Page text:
Bentivolio plans write-in campaign for Congress
- Rep. Kerry Bentivolio, who lost GOP primary, plans write-in candidacy for Congress.
- Bentivolio said write-in candidacy is not designed to lose the GOP-dominated seat to a Democrat.
- Congressman said he's trying to encourage Republicans to turn out for Senate candidate Land.
U.S. Rep. Kerry Bentivolio, who lost his Republican primary in August, said Thursday he intends to file Friday as a write-in candidate in the 11th Congressional District.
Bentivolio said his write-in candidacy is not designed to derail Republican Dave Trott's campaign and hand over the GOP-dominated seat to Democrat Bobby McKenzie of Canton Township.
The Milford Republican said he's trying to encourage discouraged Republicans to turn out to vote for GOP U.S. Senate candidate Terri Lynn Land, who trails Democrat Gary Peters in most polls.
"That's the primary objective," Bentivolio told The Detroit News.
Trott, a wealthy attorney and businessman from Birmingham, trounced Bentivolio in the August primary by 33 percentage points after spending nearly $2.4 million of his own money on an ad blitz that portrayed the incumbent congressman as out of touch with voters in southern Oakland and western Wayne counties.
"I was complimented that someone could spend $5 million to unseat somebody who has never done anything to tarnish this office," said Bentivolio, who has refused to endorse Trott. "I'm not going to endorse a guy who slandered and libeled my good name."
Bentivolio, a military veteran and former teacher and reindeer rancher, won the 11th District seat in 2012 after then-Rep. Thaddeus McCotter failed to get on the Republican primary ballot in a petition scandal.
Bentivolio has since claimed the GOP establishment in suburban Detroit has been dead set on ousting him from office.
Bentivolio said he was motivated to run as a write-in candidate after Trott's allies continued to "go after my character as well as some of my staff" after the primary election by posting disparaging comments on Facebook and Twitter.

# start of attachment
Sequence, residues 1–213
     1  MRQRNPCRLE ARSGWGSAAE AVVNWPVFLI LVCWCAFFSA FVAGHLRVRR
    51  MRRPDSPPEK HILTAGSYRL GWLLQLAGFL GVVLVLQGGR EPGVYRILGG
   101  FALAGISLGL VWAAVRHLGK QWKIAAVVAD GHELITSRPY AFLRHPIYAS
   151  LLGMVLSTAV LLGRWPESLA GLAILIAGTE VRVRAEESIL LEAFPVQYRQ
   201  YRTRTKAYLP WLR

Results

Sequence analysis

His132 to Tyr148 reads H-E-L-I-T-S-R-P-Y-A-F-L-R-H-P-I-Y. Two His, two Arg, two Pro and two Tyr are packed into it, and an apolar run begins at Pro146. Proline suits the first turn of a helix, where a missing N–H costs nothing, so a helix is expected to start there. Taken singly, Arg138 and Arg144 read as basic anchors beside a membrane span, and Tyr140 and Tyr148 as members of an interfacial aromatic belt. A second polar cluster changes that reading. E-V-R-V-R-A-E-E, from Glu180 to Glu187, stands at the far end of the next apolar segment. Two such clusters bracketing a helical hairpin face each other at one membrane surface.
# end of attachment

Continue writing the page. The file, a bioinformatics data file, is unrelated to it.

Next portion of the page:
He said more than 500 voters have said they would sit out the election if he doesn't run as a write-in candidate, hindering other Republicans on the ballot.
"What really got me is people telling me they were not going to vote," Bentivolio said.
Former state Sen. Nancy Cassis, R-Novi, ran an unsuccessful write-in campaign against Bentivolio in the August 2012 primary.
"In the past, Bentivolio has urged Republicans to avoid write-in efforts," said Megan Piwowar, campaign manager for Trott. "If he wants to disrespect the overwhelming number of voters, that's his choice."
The development overshadowed other events in the congressional race Thursday, which included McKenzie's appearance with Michigan's two Democratic senators and three congressmen at a union hall and Trott's announcement that he has more than $1 million in cash on hand with five weeks to go before the Nov. 4 election.
"I am focused on my own campaign," McKenzie said. "... I don't want to get bogged down with what others may or may not do."
The crowd of about 100 people at the UAW Local 182 union hall in Livonia broke out in shouts and applause when Congressman Sander Levin, D-Royal Oak, announced the news of Bentivolio's write-in campaign.